After a day of scouting a conservation area in the Santa Cruz Mountains, 23 wildlife trackers put their Palm Pilots back in their cradles, sat down to dinner, and then gathered around a large LCD projector to see the results of their work. They'd registered thousands of signs of deer, coyotes, birds, and other animals. But what really yowled in the data that night was a mountain lion.
He kept leaving scat piles near packs of coyotes and raccoons. And because the trackers were so numerous and had picked up many clues, the pattern leapt out. The team deduced the mountain lion was communicating in an unexpected way, signaling his big-cat competitors to keep their paws off his prey.
"If I were out by myself, I'd never see that," says
Jon Young, a tracker and training consultant who led the expedition last month.
Such breakthrough moments are coming faster and faster as wildlife researchers drag increasingly sophisticated hardware and software into the field. Using handheld computers, digital cameras, and satellite positioning systems, scientists are able to simplify data collection, recruit more people to do the work, and take their most comprehensive look yet at plants and wildlife. If the high-tech push proves itself, it could do for biology something close to what carbon-dating has done for archaeology: give scientists a much more profound understanding of how nature interacts.
"If we could map 5,000 acres and the mountain lion data jumps out at us, imagine if we could simultaneously map the world," Mr. Young says. "I really believe in 10 years we'll look back at this as a major breakthrough towards understanding nature."
The new findings could reveal species that would improve food production and lead to new pharmaceuticals, give public-health experts advance warnings about the outbreak of pathogens, and offer scientists a much fuller picture of humanity's impact on the environment, researchers say.
"Only with such encyclopedic knowledge can ecology mature as a science and acquire predictive power," writes Edward O. Wilson, a Pulitzer Prize-winning author and curator of entomology at the Museum of Comparative Zoology at Harvard University.
The trouble is, ecologists have nowhere near the knowledge they need to build that encyclopedia. Strange as it may seem, most of the earth's species remain undiscovered. Biologists have catalogued between 1.5 million to 1.8 million species, but they suspect the earth contains at least double that number, according to Dr. Wilson, and nobody really knows how many there are. Some researchers estimate 10 million, but guesses range all the way up to 100 million. Just in fungi alone, biologists have distinguished only 69,000 of the up to 1.6 million they believe exist.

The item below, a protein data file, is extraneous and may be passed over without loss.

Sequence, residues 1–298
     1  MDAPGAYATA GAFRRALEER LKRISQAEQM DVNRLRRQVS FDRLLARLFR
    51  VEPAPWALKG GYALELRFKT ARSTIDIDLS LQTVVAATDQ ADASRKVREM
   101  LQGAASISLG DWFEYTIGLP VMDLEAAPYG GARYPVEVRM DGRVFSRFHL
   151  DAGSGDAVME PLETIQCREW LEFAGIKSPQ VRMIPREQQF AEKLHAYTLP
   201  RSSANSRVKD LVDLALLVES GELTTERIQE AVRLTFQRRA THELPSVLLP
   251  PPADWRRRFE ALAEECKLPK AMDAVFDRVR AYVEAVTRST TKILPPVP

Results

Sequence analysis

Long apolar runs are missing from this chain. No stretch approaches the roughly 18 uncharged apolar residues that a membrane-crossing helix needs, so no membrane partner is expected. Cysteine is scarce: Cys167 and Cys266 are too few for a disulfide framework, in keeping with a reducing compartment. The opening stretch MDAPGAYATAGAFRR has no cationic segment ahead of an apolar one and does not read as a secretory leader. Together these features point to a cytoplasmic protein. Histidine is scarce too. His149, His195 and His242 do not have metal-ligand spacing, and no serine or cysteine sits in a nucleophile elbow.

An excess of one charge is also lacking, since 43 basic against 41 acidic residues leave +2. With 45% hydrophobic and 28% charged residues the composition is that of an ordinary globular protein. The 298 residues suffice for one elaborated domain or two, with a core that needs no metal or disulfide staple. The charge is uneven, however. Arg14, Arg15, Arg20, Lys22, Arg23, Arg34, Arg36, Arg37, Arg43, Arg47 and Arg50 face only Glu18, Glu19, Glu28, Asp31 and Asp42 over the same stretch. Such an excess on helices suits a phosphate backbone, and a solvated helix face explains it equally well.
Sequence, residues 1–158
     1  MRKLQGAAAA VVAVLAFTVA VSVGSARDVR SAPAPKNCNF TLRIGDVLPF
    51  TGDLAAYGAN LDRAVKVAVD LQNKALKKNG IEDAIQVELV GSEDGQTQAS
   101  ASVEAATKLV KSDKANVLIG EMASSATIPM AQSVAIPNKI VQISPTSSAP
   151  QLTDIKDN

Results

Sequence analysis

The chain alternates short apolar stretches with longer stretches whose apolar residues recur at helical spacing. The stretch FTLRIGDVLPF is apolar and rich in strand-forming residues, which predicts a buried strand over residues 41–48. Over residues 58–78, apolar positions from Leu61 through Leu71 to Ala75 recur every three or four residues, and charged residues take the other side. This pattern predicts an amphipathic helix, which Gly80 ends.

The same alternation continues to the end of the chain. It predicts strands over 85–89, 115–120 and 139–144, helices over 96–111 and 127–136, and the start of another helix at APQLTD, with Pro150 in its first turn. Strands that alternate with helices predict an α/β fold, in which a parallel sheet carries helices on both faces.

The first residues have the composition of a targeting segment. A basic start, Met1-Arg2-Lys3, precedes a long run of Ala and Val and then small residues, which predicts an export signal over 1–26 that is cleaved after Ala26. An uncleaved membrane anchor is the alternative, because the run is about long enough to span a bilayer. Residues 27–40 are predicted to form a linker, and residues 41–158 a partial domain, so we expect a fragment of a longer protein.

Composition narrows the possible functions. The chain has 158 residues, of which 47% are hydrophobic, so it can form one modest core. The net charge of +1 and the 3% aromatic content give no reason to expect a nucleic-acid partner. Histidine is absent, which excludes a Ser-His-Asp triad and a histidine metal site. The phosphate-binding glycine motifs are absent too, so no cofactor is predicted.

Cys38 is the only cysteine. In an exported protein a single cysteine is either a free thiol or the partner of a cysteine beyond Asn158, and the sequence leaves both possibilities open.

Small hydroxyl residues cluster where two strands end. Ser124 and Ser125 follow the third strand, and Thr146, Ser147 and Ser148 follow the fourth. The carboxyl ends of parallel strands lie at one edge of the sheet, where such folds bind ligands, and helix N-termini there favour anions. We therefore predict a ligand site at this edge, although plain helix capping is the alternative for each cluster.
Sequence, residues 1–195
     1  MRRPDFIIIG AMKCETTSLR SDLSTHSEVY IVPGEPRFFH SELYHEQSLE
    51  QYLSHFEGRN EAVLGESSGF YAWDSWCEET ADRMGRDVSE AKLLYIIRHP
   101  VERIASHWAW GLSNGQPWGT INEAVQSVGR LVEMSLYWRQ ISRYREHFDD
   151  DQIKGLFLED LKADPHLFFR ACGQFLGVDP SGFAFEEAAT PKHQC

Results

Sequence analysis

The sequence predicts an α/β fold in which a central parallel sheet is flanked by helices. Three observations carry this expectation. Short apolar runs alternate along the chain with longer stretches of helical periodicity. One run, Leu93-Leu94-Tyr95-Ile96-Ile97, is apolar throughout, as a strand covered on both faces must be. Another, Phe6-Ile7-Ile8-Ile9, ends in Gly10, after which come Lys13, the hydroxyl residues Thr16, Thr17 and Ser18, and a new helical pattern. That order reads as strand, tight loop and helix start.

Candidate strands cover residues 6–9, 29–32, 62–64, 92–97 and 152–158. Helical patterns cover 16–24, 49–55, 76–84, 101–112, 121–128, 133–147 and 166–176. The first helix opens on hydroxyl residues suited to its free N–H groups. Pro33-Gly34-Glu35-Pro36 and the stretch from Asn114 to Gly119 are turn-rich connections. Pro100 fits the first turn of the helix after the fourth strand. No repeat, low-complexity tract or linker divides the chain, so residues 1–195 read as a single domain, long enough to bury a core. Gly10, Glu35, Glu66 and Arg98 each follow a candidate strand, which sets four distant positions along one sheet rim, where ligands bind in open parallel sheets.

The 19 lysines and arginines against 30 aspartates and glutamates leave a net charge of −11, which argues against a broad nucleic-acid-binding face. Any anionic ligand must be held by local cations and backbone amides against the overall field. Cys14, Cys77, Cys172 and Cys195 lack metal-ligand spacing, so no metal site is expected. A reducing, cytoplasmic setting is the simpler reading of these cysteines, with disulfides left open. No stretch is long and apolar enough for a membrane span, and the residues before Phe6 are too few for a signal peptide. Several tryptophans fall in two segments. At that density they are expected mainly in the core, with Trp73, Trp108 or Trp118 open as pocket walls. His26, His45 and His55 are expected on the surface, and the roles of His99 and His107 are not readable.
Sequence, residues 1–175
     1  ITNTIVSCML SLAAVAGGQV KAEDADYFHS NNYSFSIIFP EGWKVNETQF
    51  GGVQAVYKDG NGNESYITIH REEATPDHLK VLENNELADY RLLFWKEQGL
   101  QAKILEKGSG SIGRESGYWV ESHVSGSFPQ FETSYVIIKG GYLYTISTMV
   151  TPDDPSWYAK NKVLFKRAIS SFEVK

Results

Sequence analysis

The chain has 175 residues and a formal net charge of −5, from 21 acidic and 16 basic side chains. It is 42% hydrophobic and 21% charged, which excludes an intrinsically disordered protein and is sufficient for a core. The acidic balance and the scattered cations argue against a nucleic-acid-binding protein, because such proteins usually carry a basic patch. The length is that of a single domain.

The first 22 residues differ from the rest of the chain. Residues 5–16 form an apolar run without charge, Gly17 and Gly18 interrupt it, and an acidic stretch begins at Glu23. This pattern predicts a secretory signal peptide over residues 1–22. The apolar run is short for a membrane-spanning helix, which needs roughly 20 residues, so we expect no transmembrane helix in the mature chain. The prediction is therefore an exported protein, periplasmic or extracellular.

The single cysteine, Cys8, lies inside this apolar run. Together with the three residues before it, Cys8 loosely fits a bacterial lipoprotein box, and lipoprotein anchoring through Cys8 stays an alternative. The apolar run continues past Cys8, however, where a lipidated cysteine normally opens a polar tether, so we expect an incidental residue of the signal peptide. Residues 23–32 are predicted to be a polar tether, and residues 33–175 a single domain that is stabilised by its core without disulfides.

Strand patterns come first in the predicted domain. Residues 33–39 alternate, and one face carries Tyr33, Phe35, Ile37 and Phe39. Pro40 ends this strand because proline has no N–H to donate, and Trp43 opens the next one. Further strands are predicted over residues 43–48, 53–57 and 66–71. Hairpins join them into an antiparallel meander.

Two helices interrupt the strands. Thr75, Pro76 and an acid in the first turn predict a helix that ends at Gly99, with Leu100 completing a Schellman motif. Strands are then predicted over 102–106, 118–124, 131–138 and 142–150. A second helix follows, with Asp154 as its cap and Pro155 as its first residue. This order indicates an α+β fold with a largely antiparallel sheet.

That is why Wilson has proposed an All-Species Initiative, an attempt to map 80 percent of earth's biodiversity within the next 25 years. It's an awesome task. It would require researchers to catalog several times as many species in the next quarter century as humanity has discovered since it started tromping the earth 2,500 centuries ago.
That's where the technology comes in. By bringing increasingly powerful software and hardware into the field, researchers can simplify the data-gathering and speed up its delivery and analysis. That's crucial in several ways.
For one thing, by making data-collection simple, more people can do the tracking without years of experience. "It's almost like having a more experienced tracker in your back pocket asking you questions," says Young, the leader of the Santa Cruz Mountain venture in California and CyberTracker trainer.
Loaded on a Palm Pilot or similar handheld computer, the software allows novice trackers to make observations. Then it takes them through a series of carefully designed questions to help ensure they don't miss something or wrongly catalog a sighting. And because the computer links to global positioning satellites, it automatically tabulates where the observations are made.